Click on the photos for more information.
arborescent horsetails became extinct during the Permian. The horsetails
from the Jurassic however could still attain a considerable size. The most
common species in the Yorkshire area, Equisetum columnare, had a stem
with a diameter of up to 5 cm at the base and 2 cm at the top. So this must
have been a rather high plant.
The horsetails are not common in Yorkshire, in contrast with a lot of
other Jurassic sites in the world. They are most abundant in Hasty Bank,
which site we didn't visit. But in recently fallen blocks in Hayburn Wyke
they were also present in abundance, but they were badly preserved. In Cayton
Bay we came across some poor remains. Click on the photo.
second species we have found, Equisetum laterale, is much more slender.
The stems have an average diameter of 1.5 cm and the internodes are about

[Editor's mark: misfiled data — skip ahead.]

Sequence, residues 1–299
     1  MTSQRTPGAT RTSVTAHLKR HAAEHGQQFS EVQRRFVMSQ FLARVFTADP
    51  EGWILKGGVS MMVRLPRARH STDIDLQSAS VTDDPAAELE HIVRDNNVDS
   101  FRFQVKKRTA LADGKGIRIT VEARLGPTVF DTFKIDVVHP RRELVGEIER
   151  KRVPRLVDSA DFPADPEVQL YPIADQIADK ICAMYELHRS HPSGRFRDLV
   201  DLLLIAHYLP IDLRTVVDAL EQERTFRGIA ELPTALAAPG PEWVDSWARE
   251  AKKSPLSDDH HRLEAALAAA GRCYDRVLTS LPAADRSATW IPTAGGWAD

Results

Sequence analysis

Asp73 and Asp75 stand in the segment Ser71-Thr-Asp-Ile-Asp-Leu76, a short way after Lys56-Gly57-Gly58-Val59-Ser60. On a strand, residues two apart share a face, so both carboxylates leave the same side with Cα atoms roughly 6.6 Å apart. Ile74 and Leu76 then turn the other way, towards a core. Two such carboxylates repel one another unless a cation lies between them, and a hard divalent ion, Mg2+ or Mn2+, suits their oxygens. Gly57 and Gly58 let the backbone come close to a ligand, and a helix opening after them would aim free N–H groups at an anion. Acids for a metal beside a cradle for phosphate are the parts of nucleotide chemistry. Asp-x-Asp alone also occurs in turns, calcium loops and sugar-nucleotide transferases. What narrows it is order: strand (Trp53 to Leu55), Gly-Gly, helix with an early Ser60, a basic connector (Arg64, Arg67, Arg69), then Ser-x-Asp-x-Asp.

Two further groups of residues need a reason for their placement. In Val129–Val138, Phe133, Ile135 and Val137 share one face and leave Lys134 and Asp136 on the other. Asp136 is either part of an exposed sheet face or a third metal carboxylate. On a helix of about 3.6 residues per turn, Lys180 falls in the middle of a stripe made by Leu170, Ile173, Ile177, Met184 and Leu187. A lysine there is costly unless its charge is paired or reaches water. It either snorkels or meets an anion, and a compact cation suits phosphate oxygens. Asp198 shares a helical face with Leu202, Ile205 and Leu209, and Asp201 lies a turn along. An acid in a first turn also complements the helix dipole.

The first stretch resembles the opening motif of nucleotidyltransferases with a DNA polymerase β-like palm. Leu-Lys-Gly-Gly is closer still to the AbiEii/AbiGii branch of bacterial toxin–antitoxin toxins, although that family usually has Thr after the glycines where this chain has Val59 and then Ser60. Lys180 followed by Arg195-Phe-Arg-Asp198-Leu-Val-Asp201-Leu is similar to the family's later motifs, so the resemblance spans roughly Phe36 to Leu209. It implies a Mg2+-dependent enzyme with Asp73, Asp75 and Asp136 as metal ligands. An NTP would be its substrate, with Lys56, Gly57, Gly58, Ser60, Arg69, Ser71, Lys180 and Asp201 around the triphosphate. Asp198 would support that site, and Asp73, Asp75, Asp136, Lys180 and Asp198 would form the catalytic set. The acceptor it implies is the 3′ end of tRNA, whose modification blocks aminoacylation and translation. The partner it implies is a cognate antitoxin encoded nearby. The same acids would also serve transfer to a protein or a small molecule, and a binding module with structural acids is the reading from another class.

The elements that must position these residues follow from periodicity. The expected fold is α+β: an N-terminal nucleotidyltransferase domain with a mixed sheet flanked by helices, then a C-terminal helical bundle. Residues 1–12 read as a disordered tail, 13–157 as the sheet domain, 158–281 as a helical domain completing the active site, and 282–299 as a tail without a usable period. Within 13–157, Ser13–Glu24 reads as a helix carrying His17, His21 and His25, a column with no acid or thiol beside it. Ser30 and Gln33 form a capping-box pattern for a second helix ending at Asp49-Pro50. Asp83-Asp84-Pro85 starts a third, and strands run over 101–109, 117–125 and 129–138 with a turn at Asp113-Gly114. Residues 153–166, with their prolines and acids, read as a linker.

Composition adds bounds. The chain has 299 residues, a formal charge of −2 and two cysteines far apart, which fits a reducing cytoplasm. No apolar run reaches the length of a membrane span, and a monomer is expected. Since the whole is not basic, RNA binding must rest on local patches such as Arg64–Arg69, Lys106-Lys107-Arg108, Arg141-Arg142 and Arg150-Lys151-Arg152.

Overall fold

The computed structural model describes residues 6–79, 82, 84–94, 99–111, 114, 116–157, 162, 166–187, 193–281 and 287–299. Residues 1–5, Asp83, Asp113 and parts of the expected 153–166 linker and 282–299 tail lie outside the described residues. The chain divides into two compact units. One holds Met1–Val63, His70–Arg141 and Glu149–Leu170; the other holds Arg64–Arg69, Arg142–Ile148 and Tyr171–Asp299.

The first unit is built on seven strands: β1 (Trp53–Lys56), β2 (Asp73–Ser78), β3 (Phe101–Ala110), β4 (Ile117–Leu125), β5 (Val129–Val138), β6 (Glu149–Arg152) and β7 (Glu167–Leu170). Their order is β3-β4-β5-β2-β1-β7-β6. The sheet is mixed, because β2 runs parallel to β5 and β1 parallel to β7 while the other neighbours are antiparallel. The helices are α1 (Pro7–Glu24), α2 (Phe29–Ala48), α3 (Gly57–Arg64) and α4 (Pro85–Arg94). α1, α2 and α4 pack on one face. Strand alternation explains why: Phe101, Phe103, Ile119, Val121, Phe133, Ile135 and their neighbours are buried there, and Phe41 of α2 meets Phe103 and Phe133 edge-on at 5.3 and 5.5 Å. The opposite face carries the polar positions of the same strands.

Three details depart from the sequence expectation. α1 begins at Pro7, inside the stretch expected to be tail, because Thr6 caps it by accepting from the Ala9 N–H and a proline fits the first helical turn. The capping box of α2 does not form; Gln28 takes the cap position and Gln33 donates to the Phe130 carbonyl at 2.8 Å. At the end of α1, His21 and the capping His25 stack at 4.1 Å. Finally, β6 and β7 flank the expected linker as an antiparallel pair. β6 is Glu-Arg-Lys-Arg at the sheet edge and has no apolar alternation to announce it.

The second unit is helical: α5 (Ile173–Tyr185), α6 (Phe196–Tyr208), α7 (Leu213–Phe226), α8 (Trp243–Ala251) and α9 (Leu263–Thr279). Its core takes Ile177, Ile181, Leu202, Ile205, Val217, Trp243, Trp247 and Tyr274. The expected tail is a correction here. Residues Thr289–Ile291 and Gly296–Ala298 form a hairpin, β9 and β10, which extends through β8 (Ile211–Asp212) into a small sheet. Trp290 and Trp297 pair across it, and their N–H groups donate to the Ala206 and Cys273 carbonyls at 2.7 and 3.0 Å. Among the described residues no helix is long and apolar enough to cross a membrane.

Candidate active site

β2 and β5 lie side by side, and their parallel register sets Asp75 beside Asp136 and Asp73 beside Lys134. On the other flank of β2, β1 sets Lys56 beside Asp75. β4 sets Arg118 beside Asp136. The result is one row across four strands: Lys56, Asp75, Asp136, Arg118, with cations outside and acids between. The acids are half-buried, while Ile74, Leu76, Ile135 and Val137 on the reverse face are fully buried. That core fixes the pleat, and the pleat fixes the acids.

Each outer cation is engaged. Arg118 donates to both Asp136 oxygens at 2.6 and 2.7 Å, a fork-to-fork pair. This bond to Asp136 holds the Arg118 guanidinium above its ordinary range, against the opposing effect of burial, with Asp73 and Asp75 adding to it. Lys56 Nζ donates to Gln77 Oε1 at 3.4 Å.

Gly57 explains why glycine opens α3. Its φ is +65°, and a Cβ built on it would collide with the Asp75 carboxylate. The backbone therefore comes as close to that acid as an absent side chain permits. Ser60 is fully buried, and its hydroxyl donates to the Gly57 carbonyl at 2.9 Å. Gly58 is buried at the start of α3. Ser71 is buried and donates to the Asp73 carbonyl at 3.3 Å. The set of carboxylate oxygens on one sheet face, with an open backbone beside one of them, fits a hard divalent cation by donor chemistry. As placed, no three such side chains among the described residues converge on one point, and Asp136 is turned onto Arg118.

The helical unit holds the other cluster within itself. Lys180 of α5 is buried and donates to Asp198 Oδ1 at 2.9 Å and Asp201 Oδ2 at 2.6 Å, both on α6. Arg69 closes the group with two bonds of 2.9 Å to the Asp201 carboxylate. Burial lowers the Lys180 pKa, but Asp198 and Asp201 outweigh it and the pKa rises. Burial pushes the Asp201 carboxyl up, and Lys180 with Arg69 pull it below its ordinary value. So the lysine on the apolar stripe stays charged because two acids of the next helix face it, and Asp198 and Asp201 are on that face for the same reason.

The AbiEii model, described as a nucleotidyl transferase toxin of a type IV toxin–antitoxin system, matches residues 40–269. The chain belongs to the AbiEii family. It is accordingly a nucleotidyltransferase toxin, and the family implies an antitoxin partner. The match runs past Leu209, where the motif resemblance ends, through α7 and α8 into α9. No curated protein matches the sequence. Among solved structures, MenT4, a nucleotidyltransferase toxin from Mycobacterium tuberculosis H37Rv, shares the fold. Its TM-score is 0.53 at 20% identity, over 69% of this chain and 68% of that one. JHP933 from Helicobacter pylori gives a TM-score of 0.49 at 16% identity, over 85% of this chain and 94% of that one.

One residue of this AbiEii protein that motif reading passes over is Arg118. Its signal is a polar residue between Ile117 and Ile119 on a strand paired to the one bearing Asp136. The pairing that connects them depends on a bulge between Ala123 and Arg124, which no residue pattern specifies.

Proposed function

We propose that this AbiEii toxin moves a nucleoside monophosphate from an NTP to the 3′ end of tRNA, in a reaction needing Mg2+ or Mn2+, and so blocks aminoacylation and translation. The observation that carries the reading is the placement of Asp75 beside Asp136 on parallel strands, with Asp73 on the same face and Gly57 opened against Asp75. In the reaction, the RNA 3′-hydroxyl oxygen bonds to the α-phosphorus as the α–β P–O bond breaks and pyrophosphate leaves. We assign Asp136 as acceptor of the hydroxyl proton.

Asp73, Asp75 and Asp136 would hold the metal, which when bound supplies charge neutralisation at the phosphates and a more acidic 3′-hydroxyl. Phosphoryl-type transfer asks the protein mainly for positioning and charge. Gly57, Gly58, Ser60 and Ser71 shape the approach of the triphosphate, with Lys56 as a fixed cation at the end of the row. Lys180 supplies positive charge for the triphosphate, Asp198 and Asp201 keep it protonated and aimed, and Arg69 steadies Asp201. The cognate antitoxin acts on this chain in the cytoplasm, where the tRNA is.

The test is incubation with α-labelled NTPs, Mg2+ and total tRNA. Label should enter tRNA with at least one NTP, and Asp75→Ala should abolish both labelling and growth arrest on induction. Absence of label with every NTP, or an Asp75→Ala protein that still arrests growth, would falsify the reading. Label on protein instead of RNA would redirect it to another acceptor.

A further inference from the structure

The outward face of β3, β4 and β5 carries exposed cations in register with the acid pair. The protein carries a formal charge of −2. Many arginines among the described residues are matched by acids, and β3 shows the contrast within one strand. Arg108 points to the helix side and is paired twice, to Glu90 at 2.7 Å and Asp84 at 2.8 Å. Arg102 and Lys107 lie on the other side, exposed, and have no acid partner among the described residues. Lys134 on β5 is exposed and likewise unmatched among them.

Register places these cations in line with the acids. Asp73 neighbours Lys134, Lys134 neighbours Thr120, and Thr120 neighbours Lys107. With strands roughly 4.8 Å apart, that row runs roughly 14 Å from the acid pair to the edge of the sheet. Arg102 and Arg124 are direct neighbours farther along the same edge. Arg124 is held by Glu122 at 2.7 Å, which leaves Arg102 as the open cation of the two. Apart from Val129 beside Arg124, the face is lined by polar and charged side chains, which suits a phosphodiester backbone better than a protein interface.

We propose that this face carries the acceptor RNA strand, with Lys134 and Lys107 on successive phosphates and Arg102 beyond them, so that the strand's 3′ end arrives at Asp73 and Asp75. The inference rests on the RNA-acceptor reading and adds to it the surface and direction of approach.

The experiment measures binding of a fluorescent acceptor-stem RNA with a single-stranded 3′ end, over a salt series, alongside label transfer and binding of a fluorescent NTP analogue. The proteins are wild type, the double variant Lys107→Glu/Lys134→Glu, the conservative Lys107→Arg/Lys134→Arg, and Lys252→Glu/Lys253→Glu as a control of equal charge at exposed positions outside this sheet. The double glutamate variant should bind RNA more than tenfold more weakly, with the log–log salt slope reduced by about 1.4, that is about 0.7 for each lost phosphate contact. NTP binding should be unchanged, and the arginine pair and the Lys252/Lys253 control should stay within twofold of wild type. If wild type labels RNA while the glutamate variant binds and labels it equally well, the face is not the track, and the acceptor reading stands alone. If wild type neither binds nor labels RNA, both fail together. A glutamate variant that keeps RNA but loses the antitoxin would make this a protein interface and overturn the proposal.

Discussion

3 cm. Typical for this plant are the diaphragms, which resemble a wheel with
(on average) 32 spokes. We have found some specimens in Cayton Bay.
A very rare find was Annulariopsis simpsonii, also
in Cayton Bay. This plant had leaf whorls reminiscent to those of
Annularia. Annularia however was the foliage of horsetail trees
and those had been extinct for a long time. It is peculiar that only terminal
leaf whorls have been found of Annulariopsis, while most probably
more whorls were present on the stem. Perhaps the part above the whorl was
breaking off very easily when the plant touched the ground. Click
on the photo on the right.